In English, as in many other spoken languages, you’re used to
distinguishing between singular and plural. As a computer language
designed by a human linguist, Perl is similar. As a general rule, when
Perl has just one of something, that’s a scalar. A scalar is the simplest kind of data
that Perl manipulates. Most scalars are either a number (like 255 or
3.25e20) or a string of characters (like
hello or the Gettysburg Address). Although you may think of
numbers and strings as very different things, Perl uses them nearly
You can act on a scalar value with operators (like addition or concatenation), generally yielding a scalar result. You can store a scalar value in a scalar variable. You can read scalars from files and devices, and write to them as well.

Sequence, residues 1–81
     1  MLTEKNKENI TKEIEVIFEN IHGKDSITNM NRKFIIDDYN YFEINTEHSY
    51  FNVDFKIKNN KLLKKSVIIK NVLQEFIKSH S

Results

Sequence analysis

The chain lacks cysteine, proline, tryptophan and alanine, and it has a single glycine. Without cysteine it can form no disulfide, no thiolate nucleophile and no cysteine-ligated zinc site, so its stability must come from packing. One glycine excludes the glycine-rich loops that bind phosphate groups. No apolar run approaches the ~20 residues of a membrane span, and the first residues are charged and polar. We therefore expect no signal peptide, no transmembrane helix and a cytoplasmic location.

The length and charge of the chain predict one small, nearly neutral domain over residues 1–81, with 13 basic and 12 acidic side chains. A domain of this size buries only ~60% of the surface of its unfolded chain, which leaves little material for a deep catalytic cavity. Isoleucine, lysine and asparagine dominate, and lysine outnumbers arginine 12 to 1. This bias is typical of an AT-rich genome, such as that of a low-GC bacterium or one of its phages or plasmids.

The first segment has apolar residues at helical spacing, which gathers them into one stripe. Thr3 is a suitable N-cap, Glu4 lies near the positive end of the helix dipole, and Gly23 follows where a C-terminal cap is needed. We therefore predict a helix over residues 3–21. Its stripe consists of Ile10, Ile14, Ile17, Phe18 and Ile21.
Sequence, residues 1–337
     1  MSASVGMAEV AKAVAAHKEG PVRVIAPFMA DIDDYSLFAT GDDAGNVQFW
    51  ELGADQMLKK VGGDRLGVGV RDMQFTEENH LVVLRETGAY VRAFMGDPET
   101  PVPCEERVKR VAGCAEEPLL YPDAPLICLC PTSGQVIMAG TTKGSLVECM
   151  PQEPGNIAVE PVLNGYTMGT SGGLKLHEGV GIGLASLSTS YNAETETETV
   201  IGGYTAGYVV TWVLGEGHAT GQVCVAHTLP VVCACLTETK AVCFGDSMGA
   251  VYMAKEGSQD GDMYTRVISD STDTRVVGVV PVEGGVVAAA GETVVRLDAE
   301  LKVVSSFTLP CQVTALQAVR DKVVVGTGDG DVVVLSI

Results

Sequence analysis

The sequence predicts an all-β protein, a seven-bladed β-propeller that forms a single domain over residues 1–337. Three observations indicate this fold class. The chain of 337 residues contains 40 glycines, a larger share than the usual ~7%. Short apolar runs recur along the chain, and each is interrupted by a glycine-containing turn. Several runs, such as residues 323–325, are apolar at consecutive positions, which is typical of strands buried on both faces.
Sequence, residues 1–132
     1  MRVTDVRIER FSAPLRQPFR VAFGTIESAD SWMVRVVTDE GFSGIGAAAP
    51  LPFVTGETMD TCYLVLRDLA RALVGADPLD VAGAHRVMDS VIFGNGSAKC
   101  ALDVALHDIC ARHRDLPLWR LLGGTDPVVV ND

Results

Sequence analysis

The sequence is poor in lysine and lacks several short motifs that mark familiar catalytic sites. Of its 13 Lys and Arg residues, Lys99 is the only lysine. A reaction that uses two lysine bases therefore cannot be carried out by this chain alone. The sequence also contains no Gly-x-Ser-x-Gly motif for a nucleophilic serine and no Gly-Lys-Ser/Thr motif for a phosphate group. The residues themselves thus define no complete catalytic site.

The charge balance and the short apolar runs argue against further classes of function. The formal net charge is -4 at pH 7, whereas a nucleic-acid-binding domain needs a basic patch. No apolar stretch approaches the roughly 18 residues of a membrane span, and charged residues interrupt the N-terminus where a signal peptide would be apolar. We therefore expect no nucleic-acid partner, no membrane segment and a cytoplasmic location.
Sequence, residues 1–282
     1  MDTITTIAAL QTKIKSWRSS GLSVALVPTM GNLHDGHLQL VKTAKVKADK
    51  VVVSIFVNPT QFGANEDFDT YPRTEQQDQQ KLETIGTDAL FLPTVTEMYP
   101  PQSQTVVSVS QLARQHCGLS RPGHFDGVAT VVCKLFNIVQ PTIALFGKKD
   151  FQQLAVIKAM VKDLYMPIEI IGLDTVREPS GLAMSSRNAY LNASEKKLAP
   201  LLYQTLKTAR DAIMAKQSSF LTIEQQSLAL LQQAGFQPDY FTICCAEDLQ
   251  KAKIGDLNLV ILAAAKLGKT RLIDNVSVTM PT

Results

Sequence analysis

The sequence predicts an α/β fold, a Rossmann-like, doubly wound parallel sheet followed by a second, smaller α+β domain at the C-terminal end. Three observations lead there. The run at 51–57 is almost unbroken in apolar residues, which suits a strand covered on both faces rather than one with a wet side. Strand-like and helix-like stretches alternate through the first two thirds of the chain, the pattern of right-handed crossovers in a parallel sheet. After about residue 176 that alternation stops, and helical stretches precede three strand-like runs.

Although a scalar is most often either a number or a string, it’s useful to look at numbers and strings separately for the moment. We’ll cover numbers first, and then move on to strings.
As you’ll see in the next few paragraphs, you can specify both integers (whole numbers, like 255 or 2,001) and floating-point numbers (real numbers with decimal points, like 3.14159, or 1.35 × 1,025). But internally, Perl computes with double-precision floating-point values. This means that there are no integer values internal to Perl—an integer constant in the program is treated as the equivalent floating-point value. You probably won’t notice the ...